This is all implemented with the "continuous message" form of
subsumption.  There's a more detailed description of how these
behaviors work together using the subsumption control method
in the previously cited paper here:


7. Performance

DPRG outdoor robot challenge #1.

For DPRG outdoor challenge #1, the robot has a waypoint list
consisting of two points, the target (0,1200) and the
origin (0,0).  

When the robot begins the exercise it is sitting at the origin
pointed at the first target waypoint.  The navigate() behavior
requests full speed straight ahead and the robot's PID controller
slews the platform velocity from 0 to top_speed, and the
robot drives toward the target waypoint.

What happens when the robot arrives at the waypoint depends on
whether the user has set the "slowdown" flag.

If the slowdown flag is FALSE, the robot will drive straight
through the waypoint, switching to the next waypoint just as
the center of the robot passes over the target. It will then
immediately begin turning around to point back at the
origin, which is the next waypoint, as steered by navigate().

You can tweak the size of that turn with the NAVIGATE_TURN
constant.  You might even scale the turn by the target_angle,
so the robot turns sharper for larger angle errors (although
in my experience that produces jerky maneuvering).

Note that at this point the robot will be some distance left
or right of the target waypoint, depending on which way it
turned around.  So the path back to the origin will not be
the same as the path out, but rather offset from and angled
to that path.  That is, the robot will not try to retrace
it's original path, but rather will choose the shortest route
to the next waypoint.

If slowdown = TRUE  the robot will decelerate as it
arrives at the waypoint and come to a stop, then fetch the
next waypoint from the list, potentially rotate toward the
new target or take some other action(s), and only then begin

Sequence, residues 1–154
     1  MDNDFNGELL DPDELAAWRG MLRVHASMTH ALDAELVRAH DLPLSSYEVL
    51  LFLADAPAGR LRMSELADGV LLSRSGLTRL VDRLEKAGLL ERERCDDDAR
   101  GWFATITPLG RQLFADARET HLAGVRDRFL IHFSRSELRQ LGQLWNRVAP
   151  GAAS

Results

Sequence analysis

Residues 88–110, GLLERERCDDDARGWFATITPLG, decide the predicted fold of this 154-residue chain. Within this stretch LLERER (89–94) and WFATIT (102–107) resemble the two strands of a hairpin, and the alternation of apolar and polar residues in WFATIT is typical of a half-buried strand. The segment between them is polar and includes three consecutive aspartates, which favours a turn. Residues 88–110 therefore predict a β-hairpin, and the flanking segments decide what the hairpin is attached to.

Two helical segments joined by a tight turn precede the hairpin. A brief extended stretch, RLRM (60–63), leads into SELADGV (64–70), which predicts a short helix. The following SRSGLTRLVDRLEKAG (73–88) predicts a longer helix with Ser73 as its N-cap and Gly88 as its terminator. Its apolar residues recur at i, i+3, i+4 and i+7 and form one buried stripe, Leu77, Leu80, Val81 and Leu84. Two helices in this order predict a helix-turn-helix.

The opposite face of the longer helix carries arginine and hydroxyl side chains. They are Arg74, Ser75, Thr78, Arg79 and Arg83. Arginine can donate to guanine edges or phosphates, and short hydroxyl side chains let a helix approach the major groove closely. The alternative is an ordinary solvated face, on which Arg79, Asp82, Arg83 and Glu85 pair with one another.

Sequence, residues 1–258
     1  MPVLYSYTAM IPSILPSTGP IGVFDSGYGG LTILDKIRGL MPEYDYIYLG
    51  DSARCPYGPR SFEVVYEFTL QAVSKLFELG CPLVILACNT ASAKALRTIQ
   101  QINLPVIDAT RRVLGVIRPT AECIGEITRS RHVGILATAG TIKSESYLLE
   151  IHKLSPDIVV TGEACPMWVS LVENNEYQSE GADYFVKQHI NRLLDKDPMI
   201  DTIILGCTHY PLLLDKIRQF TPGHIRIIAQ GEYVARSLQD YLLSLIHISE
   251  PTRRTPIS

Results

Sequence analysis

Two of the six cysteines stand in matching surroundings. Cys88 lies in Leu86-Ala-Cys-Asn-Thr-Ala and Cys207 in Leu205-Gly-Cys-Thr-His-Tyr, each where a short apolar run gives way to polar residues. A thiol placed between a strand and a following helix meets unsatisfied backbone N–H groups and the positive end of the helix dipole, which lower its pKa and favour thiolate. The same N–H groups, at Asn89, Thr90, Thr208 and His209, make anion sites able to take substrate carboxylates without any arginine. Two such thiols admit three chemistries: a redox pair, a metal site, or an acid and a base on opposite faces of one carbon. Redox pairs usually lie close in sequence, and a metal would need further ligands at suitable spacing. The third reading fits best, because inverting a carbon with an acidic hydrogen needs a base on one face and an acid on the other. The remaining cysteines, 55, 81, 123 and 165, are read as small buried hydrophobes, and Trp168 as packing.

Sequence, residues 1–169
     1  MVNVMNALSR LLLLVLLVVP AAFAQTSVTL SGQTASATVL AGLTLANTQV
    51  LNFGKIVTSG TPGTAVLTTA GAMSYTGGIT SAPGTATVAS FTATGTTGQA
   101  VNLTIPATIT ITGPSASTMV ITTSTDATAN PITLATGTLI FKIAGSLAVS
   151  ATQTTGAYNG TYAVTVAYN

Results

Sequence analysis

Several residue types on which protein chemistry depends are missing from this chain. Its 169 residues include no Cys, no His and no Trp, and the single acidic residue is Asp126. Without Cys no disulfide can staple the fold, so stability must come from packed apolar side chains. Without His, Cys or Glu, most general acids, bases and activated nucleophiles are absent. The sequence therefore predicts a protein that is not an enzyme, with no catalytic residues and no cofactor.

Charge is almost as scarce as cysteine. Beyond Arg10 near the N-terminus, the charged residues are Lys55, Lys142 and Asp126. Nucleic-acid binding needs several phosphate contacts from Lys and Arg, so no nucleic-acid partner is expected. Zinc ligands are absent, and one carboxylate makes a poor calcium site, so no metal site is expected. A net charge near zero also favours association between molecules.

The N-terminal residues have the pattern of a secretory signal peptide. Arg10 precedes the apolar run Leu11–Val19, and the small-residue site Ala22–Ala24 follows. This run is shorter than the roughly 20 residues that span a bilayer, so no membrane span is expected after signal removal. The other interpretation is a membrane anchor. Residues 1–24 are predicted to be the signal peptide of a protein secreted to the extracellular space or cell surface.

driving toward the next waypoint.  If the robot is a
differentially steered platform with zero turning radius,
or an Ackerman-steered platform performing its jack-knife
maneuver, then the robot actually can drive back along the
original path to (0,0).

When the robot arrives at (0,0) the waypoint list is
complete, so waypoint() behavior sets its waypoint_flag
to FALSE, and there is no target for navigate(), so its
flag is also FALSE, and so the subsumption control
falls through to cruise(), which halts the robot.

DPRG outdoor robot challenge #2.

With the navigate() behavior described in this post, a robot
should be able to follow an arbitrary list of waypoints,
steering smoothly from one to the next as each is acquired
in turn.  

If that waypoint list consists of the four corners of a
100 foot square, then that list of waypoints is our
challenge #2, the Borenstein UMBMark.  

As before, with the slowdown flag set to zero, the robot will
drive through each waypoint before curving to face the next,
so it will not be driving a "true" square.  With the slowdown
flag TRUE, the robot will halt at each waypoint and can
perform an action if desired, including rotating or jack-
knifing to face the next waypoint, in order to drive a true
square.  Either technique is ok.  The only metric that matters
for the UMBMark is the distance from the final stopping place
to the origin at (0,0).

With the slowdown flag set to FALSE, the robot won't stop
exactly on the origin for the final measurement.  However,
if the robot is tracking it's own location, it will "know"
that it is not at the origin.  Borenstein's UMBMark requires
that we record both the actual distance from stopping place
to origin and also the robot's calculation of its own
location, so that driving/steering errors as well as location
sensing errors are taken into account.

If you have an onboard LCD or display of some kind you can
display the robot's X,Y and theta there.  Otherwise you might
need to download them to a laptop at the end of each run.

8. Looking forward to challenges #3 and #4: obstacle avoidance.

The navigate() behavior described here will work seamlessly with
obstacle avoidance and other higher priority behaviors that disturb
the robot's path toward its target.

Happy Roboting,